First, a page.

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Tuesday, Apr. 21, 2015

Flood of help for Metro victims, others sought

Sunday, June 6, 2010

(Photo)
Vivian Salas, left, and Bobbie Hawkins unfold recently donated items for the Community Outreach Partnership of Bedford County thrift shop.
(T-G Photo by Mary Reeves)
It's been more than a month since the floods devastated Nashville and other areas in Middle Tennessee, but the aftermath continues to be felt -- even here in Bedford County. Some Metro residents have located here because their homes are gone or no longer fit to live in, and more may be coming as they are evicted from Nashville hotels to make room for tourists here for the CMA awards. Often, when they arrive, they have nothing, and that's some thing everyone here can help with.

"Furniture. We need furniture more than anything else," said Vivian Salas, manger of the recently created Community Outreach Partnership of Bedford County. "We need children's furniture especially, canned foods, appliances, pots and pans and other household items."

The 501(c)3 non-profit group is trying to propose itself as an umbrella for various charities, including the local Angel Food program, a gardening ministry, a ministry that distributes surplus bread, and the Halfway Home program, a transitional home for men coming out of incarceration. It will soon share its premises on East Holland Street (former location of Drake Signs, which has moved to Noblitt Street) with CASA, the Court Appointed Special Advocate organization that recently became independent of the Center for Family Development.

The idea, said Salas, is that people in need can come to one source.

"We have it all -- furniture, food, books, clothing. We can even help with payments in electric or water bills or housing. We're hoping to work with all the churches so they will send people to us."

The group will have a database and applicants will be screened to prevent abuse, but she said the service is there for anyone in need.

"We are out there to help whoever needs help," said Salas. "We're non-denominational and we have translators for Somalian and Spanish."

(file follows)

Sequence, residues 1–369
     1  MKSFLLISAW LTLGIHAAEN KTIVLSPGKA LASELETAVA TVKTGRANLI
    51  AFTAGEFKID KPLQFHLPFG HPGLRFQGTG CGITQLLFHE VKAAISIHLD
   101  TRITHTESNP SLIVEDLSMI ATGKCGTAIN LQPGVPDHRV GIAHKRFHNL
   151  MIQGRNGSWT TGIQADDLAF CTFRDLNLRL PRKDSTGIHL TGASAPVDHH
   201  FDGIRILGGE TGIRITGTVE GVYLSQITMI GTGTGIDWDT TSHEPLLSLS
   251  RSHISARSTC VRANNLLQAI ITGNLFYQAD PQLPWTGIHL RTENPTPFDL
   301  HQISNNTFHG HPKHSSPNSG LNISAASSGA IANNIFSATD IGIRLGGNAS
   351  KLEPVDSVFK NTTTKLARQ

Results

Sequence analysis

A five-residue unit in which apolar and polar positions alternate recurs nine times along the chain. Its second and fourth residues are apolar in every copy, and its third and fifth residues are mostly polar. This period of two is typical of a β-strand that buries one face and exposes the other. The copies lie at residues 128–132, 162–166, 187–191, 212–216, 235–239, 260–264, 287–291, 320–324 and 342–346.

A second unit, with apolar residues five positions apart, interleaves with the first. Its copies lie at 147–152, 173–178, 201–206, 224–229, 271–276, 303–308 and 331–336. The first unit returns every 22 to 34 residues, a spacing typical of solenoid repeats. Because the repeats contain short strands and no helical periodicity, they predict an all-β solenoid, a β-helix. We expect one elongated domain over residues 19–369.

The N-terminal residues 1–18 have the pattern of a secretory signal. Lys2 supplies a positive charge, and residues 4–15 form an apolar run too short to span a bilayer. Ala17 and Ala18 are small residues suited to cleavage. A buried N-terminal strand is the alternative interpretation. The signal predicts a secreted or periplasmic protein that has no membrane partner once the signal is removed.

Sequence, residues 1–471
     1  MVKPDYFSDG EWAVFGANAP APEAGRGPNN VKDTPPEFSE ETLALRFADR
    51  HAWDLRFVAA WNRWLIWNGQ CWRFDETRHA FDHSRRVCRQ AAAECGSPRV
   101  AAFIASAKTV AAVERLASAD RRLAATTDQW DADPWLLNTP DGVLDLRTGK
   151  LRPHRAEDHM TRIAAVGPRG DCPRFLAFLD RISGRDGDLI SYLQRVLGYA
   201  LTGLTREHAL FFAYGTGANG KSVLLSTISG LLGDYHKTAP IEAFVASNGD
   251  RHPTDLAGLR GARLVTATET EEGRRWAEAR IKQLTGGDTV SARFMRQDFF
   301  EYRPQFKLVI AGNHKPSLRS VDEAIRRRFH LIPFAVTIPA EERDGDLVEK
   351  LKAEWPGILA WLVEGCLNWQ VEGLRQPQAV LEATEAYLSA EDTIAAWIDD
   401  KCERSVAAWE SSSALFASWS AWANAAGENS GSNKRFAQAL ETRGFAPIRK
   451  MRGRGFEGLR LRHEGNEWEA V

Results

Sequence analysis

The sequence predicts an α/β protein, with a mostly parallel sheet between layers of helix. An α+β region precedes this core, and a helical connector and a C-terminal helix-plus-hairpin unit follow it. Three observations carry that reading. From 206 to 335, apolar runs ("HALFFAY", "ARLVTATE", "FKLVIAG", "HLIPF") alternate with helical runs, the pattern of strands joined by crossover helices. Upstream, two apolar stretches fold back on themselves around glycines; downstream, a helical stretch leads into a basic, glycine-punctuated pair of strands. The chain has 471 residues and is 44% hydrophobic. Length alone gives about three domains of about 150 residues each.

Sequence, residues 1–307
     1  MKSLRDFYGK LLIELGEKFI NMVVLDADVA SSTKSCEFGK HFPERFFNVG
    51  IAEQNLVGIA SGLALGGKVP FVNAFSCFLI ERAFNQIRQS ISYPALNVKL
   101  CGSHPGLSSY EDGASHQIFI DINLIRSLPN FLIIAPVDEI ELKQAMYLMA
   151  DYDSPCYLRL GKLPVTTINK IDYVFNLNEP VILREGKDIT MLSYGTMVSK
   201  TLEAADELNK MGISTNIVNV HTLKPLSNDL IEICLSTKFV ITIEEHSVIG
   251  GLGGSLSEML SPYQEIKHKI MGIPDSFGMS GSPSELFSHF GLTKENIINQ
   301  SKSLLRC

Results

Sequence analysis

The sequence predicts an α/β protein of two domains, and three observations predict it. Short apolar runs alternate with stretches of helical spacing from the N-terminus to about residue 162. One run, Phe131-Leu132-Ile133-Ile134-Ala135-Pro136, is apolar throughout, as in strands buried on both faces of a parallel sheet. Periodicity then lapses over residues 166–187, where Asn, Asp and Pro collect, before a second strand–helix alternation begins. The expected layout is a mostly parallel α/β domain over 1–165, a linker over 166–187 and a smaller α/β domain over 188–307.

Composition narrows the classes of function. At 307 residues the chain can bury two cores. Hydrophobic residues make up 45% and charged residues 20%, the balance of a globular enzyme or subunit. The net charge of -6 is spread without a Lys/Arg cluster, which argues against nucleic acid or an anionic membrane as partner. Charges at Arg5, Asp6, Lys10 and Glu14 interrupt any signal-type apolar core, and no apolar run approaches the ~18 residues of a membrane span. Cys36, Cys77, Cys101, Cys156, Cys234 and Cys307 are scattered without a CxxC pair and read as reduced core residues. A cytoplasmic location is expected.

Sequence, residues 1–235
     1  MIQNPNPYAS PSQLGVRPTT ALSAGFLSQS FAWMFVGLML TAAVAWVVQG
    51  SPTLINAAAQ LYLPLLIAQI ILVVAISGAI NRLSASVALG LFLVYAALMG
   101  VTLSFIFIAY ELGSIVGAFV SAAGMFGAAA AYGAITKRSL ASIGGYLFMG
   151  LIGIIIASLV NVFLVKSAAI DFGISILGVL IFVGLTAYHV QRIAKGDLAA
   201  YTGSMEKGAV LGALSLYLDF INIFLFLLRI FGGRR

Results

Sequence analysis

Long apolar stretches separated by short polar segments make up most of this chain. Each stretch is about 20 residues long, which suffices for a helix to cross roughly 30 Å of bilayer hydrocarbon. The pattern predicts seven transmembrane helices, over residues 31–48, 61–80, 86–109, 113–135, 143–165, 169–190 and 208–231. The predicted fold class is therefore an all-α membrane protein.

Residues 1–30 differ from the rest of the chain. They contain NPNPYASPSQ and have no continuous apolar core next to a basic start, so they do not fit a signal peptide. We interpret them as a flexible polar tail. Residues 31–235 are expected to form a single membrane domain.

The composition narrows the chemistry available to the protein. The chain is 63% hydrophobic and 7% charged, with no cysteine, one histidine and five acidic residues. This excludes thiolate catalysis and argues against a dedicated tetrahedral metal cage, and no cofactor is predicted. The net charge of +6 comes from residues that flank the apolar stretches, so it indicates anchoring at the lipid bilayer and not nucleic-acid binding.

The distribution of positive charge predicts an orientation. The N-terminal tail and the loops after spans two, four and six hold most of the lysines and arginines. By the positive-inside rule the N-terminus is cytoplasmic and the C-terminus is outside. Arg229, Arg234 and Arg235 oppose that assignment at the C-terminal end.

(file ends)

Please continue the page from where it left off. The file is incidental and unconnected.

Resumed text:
If there is a need the program can't fill, they can direct the person to someone or some agency who can.

Besides offering assistance with tangible needs or finances, the program will be offering long-term help in the form of education. On other words -- a hand up, not a handout.

"Our main goal is to set people back on their feet and help them learn to manage their money," she said. "We'll have classes on budgeting, on how to fill out a job resumé and more."

Community Outreach Partnership of Bedford County is completely funded through donations, both of goods and money. A recent golf tournament helped a great deal, said Salas, and an auction and yard sale are also planned.

Volunteers are also needed. The thrift store, where all clothing items are only $1 each, needs help getting the goods out on the shelf and helping people as they come in.

Community Outreach Partnership started during the Christmas season, when it raised about $2,000 for toys for 457 children, a number Salas expects to see rise for next year's holiday because of plant closings and layoffs. She said one of the most positive aspects of the organization is that all the donations given locally are distributed locally.

Donations of goods or funds can be made at the Community Outreach Partnership of Bedford County headquarters, 203 Off the Square Plaza on East Holland Street, from 9 a.m. to 5 p.m. Monday through Saturday.

"I drive around yard sales on weekends and tell the people if they have something left at the end of the day and want to get rid of it, I'll come get it," she said.

She will also provide a receipt for tax deductions.

For more information about Community Outreach Partnership of Bedford County and the needs for flood victims, call (931) 580-5083.